The markers of glomerular damage, creatinine and urea, were measured using commercial kits. BUN was obtained by correcting the urea value by a 2.14 factor [41]. As markers of tubular damage, we measured urinary excretion of NAG and total protein. NAG activity was measured using p-nitrophenyl-N-acetyl-β-D-glucosaminide as substrate and total protein was measured by a turbidimetric method [42].

Histological analysis

Thin slices of kidney tissue with cortex and medulla were fixed by immersion in buffered formalin (pH 7.4), dehydrated and embedded in paraffin [43]. Sections of 3 μm were stained with hematoxilin and eosin. The histological profile of twenty proximal tubules randomly selected per rat (6 rats per experimental group) was recorded using a Leica Qwin Image Analyzer (Cambridge, England). The percentage of tubular area with histopathological alterations like swelling, cytoplasmic vacuolization, desquamation or necrosis was obtained. The percentage of damaged area of Cis and Cis+FeTPPS groups was compared.

Immunohistochemical localization of 3-nitro-L-tyrosine (3-NT)

For immunohistochemistry, 3 μm sections were deparaffined with xylol and rehydrated with ethanol. Endogenous peroxidase was quenched/inhibited with 4.5% H2O2 in methanol by incubation for 1.5 h at room temperature. Nonspecific adsorption was minimized by leaving the sections in 3% bovine serum albumin in phosphate buffer saline for 30 min. Sections were incubated overnight with a 1:700 dilution of anti-3-NT antibody. After extensive washing with phosphate buffer saline, the sections were incubated with a 1:1000 dilution of a peroxidase conjugated anti-rabbit Ig antibody for 1 h, and finally incubated with hydrogen peroxide-diaminobenzidine for 10 s. Sections were counterstained with hematoxilin and observed under light microscopy. All the sections from the four studied groups were incubated under the same conditions with the same antibodies concentration, and in the same running, so the immunostaining was comparable among the different experimental groups [43].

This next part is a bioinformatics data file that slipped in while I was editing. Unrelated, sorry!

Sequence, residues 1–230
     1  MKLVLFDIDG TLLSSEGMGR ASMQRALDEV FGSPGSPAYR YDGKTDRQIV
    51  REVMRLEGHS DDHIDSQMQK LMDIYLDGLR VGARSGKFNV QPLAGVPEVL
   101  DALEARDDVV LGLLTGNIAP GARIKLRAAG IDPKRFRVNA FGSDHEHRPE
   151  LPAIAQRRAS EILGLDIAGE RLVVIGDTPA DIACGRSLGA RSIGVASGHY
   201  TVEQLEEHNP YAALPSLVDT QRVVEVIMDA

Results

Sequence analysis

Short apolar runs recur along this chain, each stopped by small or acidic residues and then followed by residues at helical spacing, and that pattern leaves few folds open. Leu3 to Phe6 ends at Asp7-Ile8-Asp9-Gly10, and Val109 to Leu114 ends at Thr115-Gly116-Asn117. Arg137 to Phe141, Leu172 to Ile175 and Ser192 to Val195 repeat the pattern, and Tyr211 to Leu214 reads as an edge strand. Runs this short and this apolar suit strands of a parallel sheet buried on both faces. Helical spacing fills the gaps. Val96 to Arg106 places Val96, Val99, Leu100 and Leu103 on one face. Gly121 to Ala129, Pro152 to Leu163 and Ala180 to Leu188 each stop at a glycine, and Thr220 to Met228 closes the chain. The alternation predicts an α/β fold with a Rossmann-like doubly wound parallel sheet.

Statistics

Results are expressed as the mean ± SEM. Data were analyzed by one-way ANOVA followed by Bonferroni's multiple comparisons. Non-paired t-test was used to compare the quantitative histological damage data using the software Prism 3.02 (GraphPad, San Diego, CA, USA). P ≤ 0.05 was considered statistically significant.

Authors' contributions

YICH performed animal experimentation, biochemical determinations, statistical analyses, light microscopy and immunohistochemical studies. RHP supported the light microscopy and immunohistochemical studies. JPCH conceived, designed and coordinated the study. All authors read and approved the final manuscript.

Acknowledgements

This work was supported by DGAPA (IN227103 and IX203504).